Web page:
In case you missed them, we've compiled the top 5 articles from this past week.
“Innovation drives progress,” according to the US Food and Drug Administration (FDA). Innovation is desperately needed in order to develop new agents and therapeutic biological products that could help those in need.
There have been many agents that the FDA has proved as safe and effective over the years, but a comprehensive database consisting of that information did not exist—until Michael S. Kinch, PhD, and his colleagues, who, set out to catalog every drug ever approved by the FDA. They ended up producing “the most comprehensive database in existence.” Not even the FDA had such an archive, and thus, its creation sparked dozens of academic papers and even a book.
Read more about the challenges and advancements associated with vaccine-preventable diseases, here.
Janssen Pharmaceuticals has announced that their phase 3 AMBER study has achieved its primary endpoint, which focused on virologic response rate. The investigational darunavir-based single tablet regimen (STR) has proved to be “non-inferior” to darunavir/cobicistat (D/C) plus emtricitabine and tenofovir disoproxil fumarate (F/TDF) in HIV-1-positive adults without previous treatment.
The safety and efficacy results of the 48-week phase 3 “randomized, double-blind, active-controlled, international, multi-center, non-inferiority study” will be presented this week at the 16th European AIDS Conference, being held in Milan, Italy, according to the press release.
Read more about the darunavir-based regimen, here.
Earlier this summer, it was announced that a team of Canadian researchers led by virologist David Evans, PhD, had successfully synthesized the horsepox virus. This de novo synthesis was performed within the span of 6 months, utilizing mail-order DNA, $100,000, and “little-specialized knowledge.” What is concerning about this experiment is that it highlights not only the possibility of synthesizing DNA with limited resources in a short window of time but that it involved an orthopoxvirus, horsepox, a close relative of smallpox. This experiment has brought attention not just to the capacity and capabilities for people to do such experiments but also that there were little oversight and safeguards in place to ensure biosecurity and biosafety measures were followed. I will not go into the implications of publishing such methods.
Gregory Koblentz, PhD, MPP, director of George Mason University’s Biodefense graduate program, recently highlighted this experiment as a possible opening of Pandora’s box in terms of such risky research and what it means for the reemergence of smallpox.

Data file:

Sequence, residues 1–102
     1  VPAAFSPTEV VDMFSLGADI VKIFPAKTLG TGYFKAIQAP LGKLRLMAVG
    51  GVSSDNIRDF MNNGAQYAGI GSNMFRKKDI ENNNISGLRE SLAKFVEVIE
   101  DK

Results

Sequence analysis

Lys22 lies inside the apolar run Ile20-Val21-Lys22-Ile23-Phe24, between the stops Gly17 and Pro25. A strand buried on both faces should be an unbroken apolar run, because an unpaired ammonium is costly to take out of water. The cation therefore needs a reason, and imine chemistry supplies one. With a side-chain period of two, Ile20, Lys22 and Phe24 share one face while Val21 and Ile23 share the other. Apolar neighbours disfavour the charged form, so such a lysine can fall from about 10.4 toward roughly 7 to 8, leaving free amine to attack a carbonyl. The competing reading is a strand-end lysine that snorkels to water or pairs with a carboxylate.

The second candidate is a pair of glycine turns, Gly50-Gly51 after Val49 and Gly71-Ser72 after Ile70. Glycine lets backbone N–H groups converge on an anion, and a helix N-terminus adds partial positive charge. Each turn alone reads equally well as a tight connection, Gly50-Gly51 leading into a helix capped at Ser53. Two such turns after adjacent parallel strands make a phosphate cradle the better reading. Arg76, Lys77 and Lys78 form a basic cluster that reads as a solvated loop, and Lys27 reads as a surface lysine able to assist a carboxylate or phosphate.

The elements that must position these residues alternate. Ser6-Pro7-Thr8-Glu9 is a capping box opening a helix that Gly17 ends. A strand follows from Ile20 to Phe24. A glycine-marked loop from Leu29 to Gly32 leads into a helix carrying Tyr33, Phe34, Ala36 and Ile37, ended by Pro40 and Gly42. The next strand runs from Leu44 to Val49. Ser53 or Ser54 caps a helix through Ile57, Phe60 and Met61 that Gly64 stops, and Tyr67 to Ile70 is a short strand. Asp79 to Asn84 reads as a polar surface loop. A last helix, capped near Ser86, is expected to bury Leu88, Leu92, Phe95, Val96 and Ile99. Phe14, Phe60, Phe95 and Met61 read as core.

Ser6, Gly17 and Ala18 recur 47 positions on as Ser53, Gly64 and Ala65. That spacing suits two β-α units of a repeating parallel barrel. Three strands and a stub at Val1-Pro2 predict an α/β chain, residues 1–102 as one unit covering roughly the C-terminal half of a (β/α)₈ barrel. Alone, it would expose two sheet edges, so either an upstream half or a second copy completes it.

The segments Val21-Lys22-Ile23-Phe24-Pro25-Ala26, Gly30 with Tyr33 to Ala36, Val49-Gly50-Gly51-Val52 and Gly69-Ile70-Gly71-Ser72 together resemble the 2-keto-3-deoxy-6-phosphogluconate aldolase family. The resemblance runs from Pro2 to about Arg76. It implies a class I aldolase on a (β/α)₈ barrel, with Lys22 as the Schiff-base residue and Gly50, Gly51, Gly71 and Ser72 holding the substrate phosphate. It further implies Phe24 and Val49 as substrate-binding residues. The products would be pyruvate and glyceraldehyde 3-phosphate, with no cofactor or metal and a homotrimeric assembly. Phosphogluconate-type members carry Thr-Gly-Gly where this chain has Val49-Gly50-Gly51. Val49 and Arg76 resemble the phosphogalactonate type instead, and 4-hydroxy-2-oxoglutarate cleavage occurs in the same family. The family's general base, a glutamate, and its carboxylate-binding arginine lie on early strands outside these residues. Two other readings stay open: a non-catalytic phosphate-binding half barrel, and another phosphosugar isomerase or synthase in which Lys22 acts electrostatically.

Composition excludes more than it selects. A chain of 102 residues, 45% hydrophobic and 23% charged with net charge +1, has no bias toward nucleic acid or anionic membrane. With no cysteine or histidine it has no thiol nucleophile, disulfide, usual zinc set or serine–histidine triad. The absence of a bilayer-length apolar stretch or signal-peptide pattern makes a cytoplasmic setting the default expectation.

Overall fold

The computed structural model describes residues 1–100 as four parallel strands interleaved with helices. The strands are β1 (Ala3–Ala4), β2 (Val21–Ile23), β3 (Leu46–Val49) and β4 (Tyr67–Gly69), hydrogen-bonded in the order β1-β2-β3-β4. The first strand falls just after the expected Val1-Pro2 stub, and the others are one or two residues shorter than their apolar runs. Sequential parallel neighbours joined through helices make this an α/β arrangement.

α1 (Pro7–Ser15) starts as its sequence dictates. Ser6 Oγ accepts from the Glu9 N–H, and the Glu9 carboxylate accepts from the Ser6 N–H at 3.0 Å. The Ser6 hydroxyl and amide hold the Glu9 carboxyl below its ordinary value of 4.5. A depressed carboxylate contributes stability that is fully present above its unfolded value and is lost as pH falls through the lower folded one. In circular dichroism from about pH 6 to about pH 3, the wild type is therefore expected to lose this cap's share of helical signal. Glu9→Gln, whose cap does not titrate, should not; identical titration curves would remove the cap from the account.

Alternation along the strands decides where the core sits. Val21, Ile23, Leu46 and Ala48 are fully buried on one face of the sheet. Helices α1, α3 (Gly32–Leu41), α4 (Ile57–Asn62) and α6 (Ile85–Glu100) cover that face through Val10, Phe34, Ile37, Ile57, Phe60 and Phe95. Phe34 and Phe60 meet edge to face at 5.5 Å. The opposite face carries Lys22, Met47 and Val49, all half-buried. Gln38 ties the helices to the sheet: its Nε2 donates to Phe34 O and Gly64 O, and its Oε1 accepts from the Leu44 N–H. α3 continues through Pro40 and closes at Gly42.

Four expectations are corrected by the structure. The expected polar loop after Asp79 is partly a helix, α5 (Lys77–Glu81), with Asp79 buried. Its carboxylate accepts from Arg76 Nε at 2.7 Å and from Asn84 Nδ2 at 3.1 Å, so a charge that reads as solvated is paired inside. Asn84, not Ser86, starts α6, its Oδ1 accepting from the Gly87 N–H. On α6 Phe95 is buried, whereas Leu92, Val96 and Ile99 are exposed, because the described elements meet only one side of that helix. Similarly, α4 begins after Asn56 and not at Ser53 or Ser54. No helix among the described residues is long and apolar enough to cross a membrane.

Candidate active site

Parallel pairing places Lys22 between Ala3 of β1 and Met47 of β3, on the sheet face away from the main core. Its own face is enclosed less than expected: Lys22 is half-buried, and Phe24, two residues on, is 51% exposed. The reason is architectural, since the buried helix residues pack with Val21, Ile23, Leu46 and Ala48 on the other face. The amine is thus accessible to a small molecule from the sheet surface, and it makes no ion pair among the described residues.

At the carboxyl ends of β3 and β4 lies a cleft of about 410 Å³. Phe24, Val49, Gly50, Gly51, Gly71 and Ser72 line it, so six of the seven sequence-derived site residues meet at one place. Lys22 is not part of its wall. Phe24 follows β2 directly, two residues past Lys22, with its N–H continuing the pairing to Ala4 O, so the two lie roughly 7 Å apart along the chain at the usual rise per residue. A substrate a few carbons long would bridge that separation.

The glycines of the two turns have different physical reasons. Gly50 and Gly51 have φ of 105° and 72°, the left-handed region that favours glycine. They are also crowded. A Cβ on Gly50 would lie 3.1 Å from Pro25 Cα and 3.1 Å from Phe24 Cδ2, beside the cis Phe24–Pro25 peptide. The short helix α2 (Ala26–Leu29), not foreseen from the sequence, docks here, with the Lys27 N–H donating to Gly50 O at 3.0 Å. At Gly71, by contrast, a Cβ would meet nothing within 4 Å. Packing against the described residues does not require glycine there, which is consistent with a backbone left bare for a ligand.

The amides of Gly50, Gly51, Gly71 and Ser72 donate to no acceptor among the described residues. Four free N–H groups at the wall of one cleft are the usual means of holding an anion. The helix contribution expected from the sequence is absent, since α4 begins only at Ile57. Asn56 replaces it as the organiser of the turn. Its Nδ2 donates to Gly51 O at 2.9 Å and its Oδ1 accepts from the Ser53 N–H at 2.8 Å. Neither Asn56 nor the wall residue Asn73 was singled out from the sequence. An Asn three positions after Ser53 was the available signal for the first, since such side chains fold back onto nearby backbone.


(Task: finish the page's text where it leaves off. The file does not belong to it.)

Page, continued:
Read more here.
More information continues to be revealed about the Zika virus as research on a vaccine continues to advance as well. To this end, Penn Medicine investigators recently announced that they have engineered a synthetic DNA-based Zika vaccine able to safely and effectively induce an immune response against the virus, as investigators from the London School of Hygiene & Tropical Medicine have discovered that surveillance for adverse pregnancy outcomes after a Zika outbreak may need to be longer than initially thought.
In the case of the Zika vaccine, investigators from the Perelman School of Medicine at the University of Pennsylvania, in partnership with investigators from the Wistar Institute, Inovio Pharmaceuticals, and GeneOne Life Science, Inc, recently conducted a phase 1 clinical trial that showed “for the first time that humans who received up to 3 doses of a vaccine candidate produced an immune response against Zika with minimal adverse effects, opening the door to further clinical trials for this important vaccine candidate,” according to an official press release on the project.
Read more about the recent Zika studies, here.
Over the last few years there have been several high-profile outbreaks of a particular infectious disease: Legionnaires.'
Although the disease was first described over 40 years ago, in a recent ID Week 2017 presentation, Laura Cooley, MD, MPH, from the Respiratory Diseases Branch of the Centers for Disease Control and Prevention (CDC), referred to it as an emerging disease in the sense that the number of recorded cases of Legionnaires’ in the United States continues to increase.
Why the increase? Dr. Cooley admitted that a solid answer remains elusive, but she postulated that it’s probably multifactorial. “There is definitely an increase in the susceptibility of the population in the United States. The population is aging, and there are more and more people on immunosuppressive medications,” Dr. Cooley shared.
She also pointed out that there could be more Legionella in the environment—with warmer temperatures making a great habitat for bacterial growth. Aging infrastructure could also encourage biofilm and Legionella growth. Dr. Cooley pointed out that improved diagnostic capabilities with the introduction of the urinary antigen test (UAT) for respiratory infections could also be a contributing factor; however, she feels it’s more so that “more clinicians are aware that this is a problem” thanks to the large outbreaks that have sprung up over the past years.
Read more about Legionnaires' disease, here.